Last Updated: 21 October 2011

Mine Ban Policy

Mine ban policy overview

Mine Ban Treaty status

Not a State Party

Pro-mine ban UNGA voting record

Voted in favor of Resolution 65/48 in December 2010

Participation in Mine Ban Treaty meetings

Did not attend as an observer the Tenth Meeting of States Parties in Geneva in November–December 2010, or the intersessional meetings in June 2011


The Republic of Kazakhstan has not acceded to the Mine Ban Treaty. It has expressed support for the Treaty’s humanitarian objectives, but has previously cited the perceived need for antipersonnel mines to protect its border and the perceived need for alternatives as the reasons it has not yet joined.[1] In May 2011, Kazakhstan said that “Taking into account its close proximity to unstable regions and existing threat of international terrorism, Kazakhstan, while addressing the issues related to landmines, proceeds from the necessity to reconcile the interests of national security and economic potential of the State and humanitarian aspects as well.”[2]

In May 2011, Kazakhstan stated that it “does not acquire, produce or export antipersonnel mines and has no such plans for the future.”[3] It has had a moratorium of unlimited duration on export and transit of mines in place since 1997.[4]

The size of Kazakhstan’s antipersonnel mine stockpile is not known, but a 1998 media report estimated that the government had between 800,000 and one million antipersonnel mines.[5] Officials have said that many of the mines have expired, that some have been destroyed in recent years, and that a plan for further destruction is in place.[6]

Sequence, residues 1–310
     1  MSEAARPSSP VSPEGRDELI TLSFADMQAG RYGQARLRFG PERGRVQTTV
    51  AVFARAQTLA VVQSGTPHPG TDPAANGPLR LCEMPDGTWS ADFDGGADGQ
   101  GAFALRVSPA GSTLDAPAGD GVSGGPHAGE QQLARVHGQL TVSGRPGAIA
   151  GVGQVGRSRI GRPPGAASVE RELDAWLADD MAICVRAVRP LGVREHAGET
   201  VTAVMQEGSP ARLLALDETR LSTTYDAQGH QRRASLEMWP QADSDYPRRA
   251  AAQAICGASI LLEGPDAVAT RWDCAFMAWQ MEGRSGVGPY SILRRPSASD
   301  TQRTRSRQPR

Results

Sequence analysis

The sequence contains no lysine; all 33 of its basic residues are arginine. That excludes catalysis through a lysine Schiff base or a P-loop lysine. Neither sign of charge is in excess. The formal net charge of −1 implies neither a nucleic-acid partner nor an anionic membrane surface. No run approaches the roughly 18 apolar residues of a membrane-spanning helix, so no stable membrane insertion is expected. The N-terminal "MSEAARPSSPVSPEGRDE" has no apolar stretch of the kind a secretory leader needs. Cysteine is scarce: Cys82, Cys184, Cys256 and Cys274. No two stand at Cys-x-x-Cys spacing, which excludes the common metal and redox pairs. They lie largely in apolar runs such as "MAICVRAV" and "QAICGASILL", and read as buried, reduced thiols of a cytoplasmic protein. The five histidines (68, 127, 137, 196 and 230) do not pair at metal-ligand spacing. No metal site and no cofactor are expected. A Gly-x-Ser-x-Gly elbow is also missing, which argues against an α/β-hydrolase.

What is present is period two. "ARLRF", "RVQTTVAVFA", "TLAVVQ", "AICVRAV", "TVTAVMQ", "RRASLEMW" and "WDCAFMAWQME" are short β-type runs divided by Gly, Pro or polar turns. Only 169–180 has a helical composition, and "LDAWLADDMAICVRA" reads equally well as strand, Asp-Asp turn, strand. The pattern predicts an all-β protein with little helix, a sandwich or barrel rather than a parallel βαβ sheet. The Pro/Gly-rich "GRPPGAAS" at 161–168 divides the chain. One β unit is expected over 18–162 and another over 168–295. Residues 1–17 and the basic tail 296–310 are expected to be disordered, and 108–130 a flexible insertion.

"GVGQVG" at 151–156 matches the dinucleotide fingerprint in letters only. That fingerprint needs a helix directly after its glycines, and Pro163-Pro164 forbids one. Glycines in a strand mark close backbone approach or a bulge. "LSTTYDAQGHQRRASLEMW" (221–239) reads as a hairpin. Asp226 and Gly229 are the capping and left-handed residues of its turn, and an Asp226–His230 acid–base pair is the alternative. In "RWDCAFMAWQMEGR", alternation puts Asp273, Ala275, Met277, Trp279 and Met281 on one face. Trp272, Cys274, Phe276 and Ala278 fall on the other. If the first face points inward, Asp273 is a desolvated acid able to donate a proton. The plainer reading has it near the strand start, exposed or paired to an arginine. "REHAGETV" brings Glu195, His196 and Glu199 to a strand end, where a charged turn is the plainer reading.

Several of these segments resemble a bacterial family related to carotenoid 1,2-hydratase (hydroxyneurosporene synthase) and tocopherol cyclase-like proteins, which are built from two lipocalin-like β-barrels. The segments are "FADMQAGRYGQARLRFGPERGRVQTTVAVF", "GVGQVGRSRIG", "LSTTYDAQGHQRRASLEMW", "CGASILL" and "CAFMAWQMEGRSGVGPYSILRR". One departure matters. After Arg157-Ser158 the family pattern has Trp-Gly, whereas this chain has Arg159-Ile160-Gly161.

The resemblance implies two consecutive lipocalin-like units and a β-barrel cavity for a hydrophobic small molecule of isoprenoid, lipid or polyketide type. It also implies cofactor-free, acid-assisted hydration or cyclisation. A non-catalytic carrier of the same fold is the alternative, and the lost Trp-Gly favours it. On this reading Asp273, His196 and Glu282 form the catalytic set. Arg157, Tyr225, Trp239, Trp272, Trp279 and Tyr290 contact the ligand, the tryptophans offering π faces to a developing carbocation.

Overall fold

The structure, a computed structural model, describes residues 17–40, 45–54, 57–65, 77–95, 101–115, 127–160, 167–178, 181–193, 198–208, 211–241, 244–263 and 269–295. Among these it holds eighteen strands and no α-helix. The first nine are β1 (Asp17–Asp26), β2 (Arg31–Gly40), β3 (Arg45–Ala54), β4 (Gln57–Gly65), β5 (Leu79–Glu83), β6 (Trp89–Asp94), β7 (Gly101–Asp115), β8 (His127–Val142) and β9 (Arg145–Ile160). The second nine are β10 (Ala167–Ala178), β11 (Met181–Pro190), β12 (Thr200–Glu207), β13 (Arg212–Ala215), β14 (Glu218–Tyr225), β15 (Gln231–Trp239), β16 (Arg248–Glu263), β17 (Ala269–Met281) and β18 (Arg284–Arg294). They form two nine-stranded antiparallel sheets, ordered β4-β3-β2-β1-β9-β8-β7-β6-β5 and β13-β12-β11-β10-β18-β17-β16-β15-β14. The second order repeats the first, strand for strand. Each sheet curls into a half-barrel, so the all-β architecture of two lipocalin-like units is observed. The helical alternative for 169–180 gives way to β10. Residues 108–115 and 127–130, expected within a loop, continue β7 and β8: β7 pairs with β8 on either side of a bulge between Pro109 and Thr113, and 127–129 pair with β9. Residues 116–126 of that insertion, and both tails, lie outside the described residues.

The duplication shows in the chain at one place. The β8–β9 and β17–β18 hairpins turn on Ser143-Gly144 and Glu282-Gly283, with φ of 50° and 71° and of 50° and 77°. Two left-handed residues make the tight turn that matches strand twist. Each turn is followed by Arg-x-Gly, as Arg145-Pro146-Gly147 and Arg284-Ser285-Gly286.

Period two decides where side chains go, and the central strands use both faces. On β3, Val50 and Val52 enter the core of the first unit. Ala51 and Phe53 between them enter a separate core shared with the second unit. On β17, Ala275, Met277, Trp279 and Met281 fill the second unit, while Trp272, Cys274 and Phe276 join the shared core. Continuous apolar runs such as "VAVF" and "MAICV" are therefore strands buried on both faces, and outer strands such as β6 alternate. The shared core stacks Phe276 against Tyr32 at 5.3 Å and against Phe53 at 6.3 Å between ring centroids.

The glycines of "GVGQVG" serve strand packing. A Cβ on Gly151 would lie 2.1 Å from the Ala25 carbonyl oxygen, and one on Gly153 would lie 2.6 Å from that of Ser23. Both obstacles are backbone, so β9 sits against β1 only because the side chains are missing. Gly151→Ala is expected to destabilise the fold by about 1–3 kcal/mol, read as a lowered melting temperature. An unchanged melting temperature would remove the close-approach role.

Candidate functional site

Government officials have at times acknowledged the use of mines in border areas and at other times denied the existence of minefields in Kazakhstan.[7]

Kazakhstan joined the Convention on Conventional Weapons (CCW) on 8 July 2009, but is not party to CCW Amended Protocol II on landmines or CCW Protocol V on explosive remnants of war.


[1] For examples, see Landmine Monitor Report 2008, p. 870.

[2] Letter from A. Tanalinov, Head of Division of International Security, Permanent Mission of the Republic of Kazakhstan to the UN, 31 May 2011.

[3] Ibid.

[4] See Landmine Monitor Report 2007, p. 862, for details on statements regarding production and trade.

[5] Adil Urmanov, “Blind Weapon,” Delovaiya Nedeliya (Kazakh newspaper), 12 June 1998, p. 8.

[7] For past statements, see Landmine Monitor Report 2007, p. 862; and Landmine Monitor Report 2005, p. 770.